The events of the story are, for better or worse, highly topical, and the story reflects themes that have appeared in some of Richard Scrimger’s other novels. There is serious violence in this text, although it is somewhat muted; the threats characters make are palpable, and the atmosphere of the story, despite Bunny’s comic tone, is distinctly ominous. Readers may want to talk about the book after it ends, and the text would lend itself well to group discussion in an appropriate classroom or book group. There are so many directions this conversation could take; this is a surprisingly rich book, despite its casual presentation.

I really liked Ink Me. It is clever in its execution and wise in its thematic treatment. I am also intrigued by the concept of the series this book belongs to, involving seven interlocking but non-sequential texts written by seven distinct authors. I look forward to reading the other volumes in the series.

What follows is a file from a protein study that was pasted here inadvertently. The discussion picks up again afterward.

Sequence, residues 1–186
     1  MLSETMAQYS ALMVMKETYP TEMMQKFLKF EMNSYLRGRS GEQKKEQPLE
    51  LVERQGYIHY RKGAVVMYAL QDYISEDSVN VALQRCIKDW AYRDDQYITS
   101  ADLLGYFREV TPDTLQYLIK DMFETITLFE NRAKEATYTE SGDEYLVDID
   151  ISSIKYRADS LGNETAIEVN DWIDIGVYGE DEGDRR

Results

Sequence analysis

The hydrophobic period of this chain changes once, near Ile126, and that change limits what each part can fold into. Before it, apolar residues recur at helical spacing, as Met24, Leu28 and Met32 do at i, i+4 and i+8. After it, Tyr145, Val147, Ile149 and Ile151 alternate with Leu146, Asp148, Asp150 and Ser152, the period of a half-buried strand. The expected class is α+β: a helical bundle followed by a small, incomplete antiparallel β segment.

This review was originally published in Resource Links, October 2012.

** Addendum: If you enjoy Bunny’s adventures, check out Weerdest Day Ever! by Richard Scrimger, available in September 2016. It’s a prequel to Bunny’s Seven series books that takes place several years earlier and is intended for a middle-grade audience. It’s very, very funny!


Review: Capricious

by Gabrielle Prendergast
Orca Book Publishers, 2014

capriciouscoverOne who is capricious is given to changing mood or behaviour frequently and rapidly; capriciousness may also refer to the impossible, that which is based in fancy or fantasy. In Capricious, sequel to 2013’s outstanding Audacious, Gabrielle Prendergast uses the verse-novel form to explore both senses of capriciousness and the consequence of being so.

After volatile experiences with both the law and the court of public opinion, Ella (formerly Raphaelle) is a subdued but still fiercely independent Grade 11 girl. Her life is as complex as ever. She’s intimately involved with one boy while considering dating another. As a condition of her return to school, she’s attempting to maintain a truce with a group of mean girls. And she’s worried her little sister Kayli is trying to grow up too fast. Add to that her persistent questions about life’s bigger issues — religion, morality, freedom, honour: for all the flightiness the title suggests, Ella is contemplating deep and serious matters.